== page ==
Study aim: To evaluate the feasibility of combined oximetry (pulse oximetric saturation [Spo(2)]) and cutaneous capnography (transcutaneous carbon dioxide tension [Ptcco(2)]) for oxygen titration in patients requiring long-term oxygen therapy.
Methods: Twenty patients with obstructive or restrictive lung disease underwent oxygen titration using a combined cutaneous oximetry-capnography sensor. The goal of titration was to achieve an oxygen saturation of > 90% without a significant rise in carbon dioxide. Spo(2) and Ptcco(2) measurements at the end of titration were compared with blood gas levels using Bland-Altman analysis and linear regression analysis.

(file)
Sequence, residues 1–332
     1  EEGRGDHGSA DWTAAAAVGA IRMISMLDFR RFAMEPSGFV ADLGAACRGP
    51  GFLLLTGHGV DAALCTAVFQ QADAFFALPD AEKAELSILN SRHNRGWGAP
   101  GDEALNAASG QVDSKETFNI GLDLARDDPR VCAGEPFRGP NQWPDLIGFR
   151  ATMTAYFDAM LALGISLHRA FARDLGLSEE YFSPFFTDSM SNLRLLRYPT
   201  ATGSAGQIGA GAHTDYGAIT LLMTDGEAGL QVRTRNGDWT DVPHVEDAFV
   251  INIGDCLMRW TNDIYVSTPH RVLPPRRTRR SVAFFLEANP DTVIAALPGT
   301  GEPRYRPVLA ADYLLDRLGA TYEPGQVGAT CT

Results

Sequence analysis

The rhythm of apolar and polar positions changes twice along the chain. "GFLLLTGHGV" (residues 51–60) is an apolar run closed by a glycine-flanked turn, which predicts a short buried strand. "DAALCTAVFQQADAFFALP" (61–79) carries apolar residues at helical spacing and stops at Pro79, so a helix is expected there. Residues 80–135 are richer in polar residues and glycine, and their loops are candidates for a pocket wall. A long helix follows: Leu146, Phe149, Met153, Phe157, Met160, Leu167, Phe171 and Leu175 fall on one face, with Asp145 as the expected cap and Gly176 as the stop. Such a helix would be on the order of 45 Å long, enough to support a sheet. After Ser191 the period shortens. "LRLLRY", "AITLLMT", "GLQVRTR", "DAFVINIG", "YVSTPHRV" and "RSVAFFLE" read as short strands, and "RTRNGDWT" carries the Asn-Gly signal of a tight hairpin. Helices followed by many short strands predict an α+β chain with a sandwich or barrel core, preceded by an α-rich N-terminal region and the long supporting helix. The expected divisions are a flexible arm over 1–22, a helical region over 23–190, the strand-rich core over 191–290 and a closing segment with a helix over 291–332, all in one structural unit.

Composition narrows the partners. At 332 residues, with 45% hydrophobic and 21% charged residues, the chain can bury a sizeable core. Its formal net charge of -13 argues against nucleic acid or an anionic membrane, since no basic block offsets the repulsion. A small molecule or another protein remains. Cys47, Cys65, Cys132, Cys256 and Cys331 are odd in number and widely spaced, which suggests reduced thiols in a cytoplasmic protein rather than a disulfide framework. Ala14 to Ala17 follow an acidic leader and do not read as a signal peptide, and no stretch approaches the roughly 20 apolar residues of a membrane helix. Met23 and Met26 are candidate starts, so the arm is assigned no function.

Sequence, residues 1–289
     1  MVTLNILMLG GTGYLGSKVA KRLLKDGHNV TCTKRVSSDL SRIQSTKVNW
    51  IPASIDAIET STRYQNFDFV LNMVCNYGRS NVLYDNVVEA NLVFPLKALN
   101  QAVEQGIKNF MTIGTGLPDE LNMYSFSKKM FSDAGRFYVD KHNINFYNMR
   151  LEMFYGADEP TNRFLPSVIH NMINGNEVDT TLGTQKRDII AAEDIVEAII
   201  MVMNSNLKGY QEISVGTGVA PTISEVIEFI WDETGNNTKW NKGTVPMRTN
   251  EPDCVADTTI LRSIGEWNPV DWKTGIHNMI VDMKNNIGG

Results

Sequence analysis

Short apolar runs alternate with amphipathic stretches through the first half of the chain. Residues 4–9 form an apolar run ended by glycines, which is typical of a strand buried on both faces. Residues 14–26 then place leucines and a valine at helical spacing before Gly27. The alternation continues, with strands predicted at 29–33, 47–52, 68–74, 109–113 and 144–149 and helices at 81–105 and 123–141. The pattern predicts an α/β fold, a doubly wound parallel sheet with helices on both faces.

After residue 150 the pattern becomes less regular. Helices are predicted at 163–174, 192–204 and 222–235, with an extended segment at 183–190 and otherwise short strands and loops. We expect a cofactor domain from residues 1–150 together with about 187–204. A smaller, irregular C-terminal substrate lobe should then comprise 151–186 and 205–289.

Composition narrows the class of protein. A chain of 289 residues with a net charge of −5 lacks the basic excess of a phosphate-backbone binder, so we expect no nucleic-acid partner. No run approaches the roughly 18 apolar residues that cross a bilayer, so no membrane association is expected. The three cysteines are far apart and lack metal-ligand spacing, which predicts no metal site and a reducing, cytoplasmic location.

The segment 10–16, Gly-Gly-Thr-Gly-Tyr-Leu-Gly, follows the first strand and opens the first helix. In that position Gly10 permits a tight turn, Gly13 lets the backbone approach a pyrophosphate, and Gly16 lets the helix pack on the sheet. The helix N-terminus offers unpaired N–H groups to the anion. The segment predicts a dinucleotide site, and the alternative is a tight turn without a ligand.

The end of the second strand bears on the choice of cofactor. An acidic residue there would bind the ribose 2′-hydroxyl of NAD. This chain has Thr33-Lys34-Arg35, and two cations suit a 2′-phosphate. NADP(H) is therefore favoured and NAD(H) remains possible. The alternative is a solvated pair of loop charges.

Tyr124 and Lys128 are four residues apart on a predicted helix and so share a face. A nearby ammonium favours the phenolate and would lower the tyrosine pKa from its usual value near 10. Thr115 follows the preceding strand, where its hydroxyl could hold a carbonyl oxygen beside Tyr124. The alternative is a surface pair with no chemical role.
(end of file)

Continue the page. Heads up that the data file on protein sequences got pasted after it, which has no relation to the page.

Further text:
Results: The mean (+/- SE of the estimate) Pao(2) while breathing room air was 53.2 +/- 8.1 mm Hg and increased to 75.9 +/- 13.3 mm Hg with oxygen supplementation (p < 0.0001). The mean Paco(2) was 45.9 +/- 8.7 mm Hg at baseline and 47.8 +/- 9.0 mm Hg after oxygen titration (p = 0.003). Bland-Altman analysis for comparison of Ptcco(2) and Paco(2) showed a bias of 0.86 mm Hg with a precision of 3.48 mm Hg. Bland-Altman analysis for the comparison of Spo(2) and arterial oxygen saturation showed a bias of 0.14% with a precision of 1.13%.
Conclusion: Combined oximetry and cutaneous capnography is feasible during oxygen titration in patients needing long-term oxygen therapy. This noninvasive approach has the potential to reduce the number of arterial blood gas samplings performed.